by W.H. Demick
At this point not one of us remains unaffected by the COVID-19 pandemic. This is a fact of life in June 2020. While I am not the kind of person that takes optimism without a grain of salt, I can say that in March of this year I imagined life would be back to somewhat normal by the summer. Friends would be gathered, birthdays celebrated in person, food shared over a friendly table. As it happens, this is not the case.
In the early months I, like I imagine most of you, looked at this time of furlough or unemployment as a time to better myself. Perhaps I will finally learn a new language, organize my book collection, or start an herb garden. As of now, the only success I have had in these endeavors has been a small yellow bell pepper plant that sits cheerily in my window, narrowly avoiding nibbles from my attention-spoiled cat and soaking in the summer sun.
While this little success in no way makes me a gardener, in a world of social distancing and isolation an appreciation for gardening has resurfaced among many of us who in previous years rarely had the time for it. Strolls through the greener spots in Salem have occupied our days more so than in years past, and the gardens in our city have enjoyed much-needed public attention. One such garden, meticulously maintained and manicured over the past century, can be found encircled by the dark 17th century dwellings at The House of the Seven Gables.
There the lilacs continue to bloom as they had in decades past. The wisteria arbor sits heavy with its blossoms, under which the steady hum of bees can still be heard going about their business. In May the tulips shown bright as ever, and the honeysuckle continued to yield its flavorful pollen – all to say that, despite the grim realities we are currently living through, nature carries on in her gardens.
Now that we’ve entered Phase 2 of reopening here in Massachusetts, the gardens of The House of the Seven Gables are yours to wander through. Our landscapers and staff have pruned the yews and readied the paths for visitors to enjoy a bit of respite. Provided that you wear a mask, you can enjoy the seaside flower beds or sit in the shade cast by our ancient elm outside of Nathaniel Hawthorne’s birth home.
To our regular visitors who come expecting to plumb the depths of Hawthorne’s dark imagination, the flashes of color in our gardens may seem contrarian. This could not be farther from the truth. Despite Hawthorne’s gothic spin on the Romantic genre, his deep appreciation for nature, both maintained and wild, is evident from his novels to his personal journals. And it is this appreciation that runs through the foundations of The House of the Seven Gables.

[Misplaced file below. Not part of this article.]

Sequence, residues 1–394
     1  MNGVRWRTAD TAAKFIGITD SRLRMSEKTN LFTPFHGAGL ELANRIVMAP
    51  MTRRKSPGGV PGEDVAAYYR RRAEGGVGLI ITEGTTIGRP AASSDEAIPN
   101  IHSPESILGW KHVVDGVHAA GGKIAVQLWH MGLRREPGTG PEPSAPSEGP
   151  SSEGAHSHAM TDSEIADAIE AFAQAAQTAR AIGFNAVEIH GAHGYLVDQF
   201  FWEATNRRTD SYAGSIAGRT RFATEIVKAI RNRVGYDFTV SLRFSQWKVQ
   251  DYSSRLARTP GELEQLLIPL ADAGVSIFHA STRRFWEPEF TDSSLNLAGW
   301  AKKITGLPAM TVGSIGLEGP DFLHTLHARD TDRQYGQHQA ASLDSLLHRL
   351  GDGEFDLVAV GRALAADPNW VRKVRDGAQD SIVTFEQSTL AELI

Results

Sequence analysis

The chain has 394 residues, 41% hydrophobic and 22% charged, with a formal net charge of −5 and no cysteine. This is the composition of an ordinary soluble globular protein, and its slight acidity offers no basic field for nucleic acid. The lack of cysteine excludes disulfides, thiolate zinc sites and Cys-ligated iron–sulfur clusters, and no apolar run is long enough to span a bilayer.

Hawthorne’s love of nature stems from his childhood. After losing his father, the Hawthornes lived with the maternal side of the family, the Mannings. In 1818, Nathaniel, his sisters, and his mother removed themselves from Salem to the wilderness of Raymond, Maine, where uncle Richard Manning had recently built a new home. Hawthorne reveled in the freedom of Maine, though it was short lived. By 1819 the Mannings sent young Hawthorne back to Salem for schooling.
Feeling pangs of nostalgia so familiar with us today, Hawthorne writes of this brief period “I shall never again run wild in Raymond, and I shall never be so happy as when I did”. Later, chaffing at his duties during his time in the Custom House in Boston, Hawthorne again brings up this idyllic past:
When I shall be again free, I will enjoy all things with the fresh simplicity of a child five years old. I shall grow young again…and all the worldly dust that has collected on me shall be washed away at once, and my heart will be like a bank of fresh flowers for the weary to rest upon.
His stay with the Mannings in Salem may have continued, rather than damped, his appreciation of nature. Robert Manning, whom he lived with, was one of the preeminent horticulturists in America. Over the course of his life Robert would pursue orchards with a high degree of success. He was a founding member of the Massachusetts Horticultural Society, and, according to biographer Brenda Wineapple, was “one of America’s leading pomologists, a veritable prince among them”. While Nathaniel’s relationship with Robert was never glowing (he would come to balk at Robert’s stern demeanor), Robert’s connection with the cultivation of the natural world indelibly left a mark on the young man.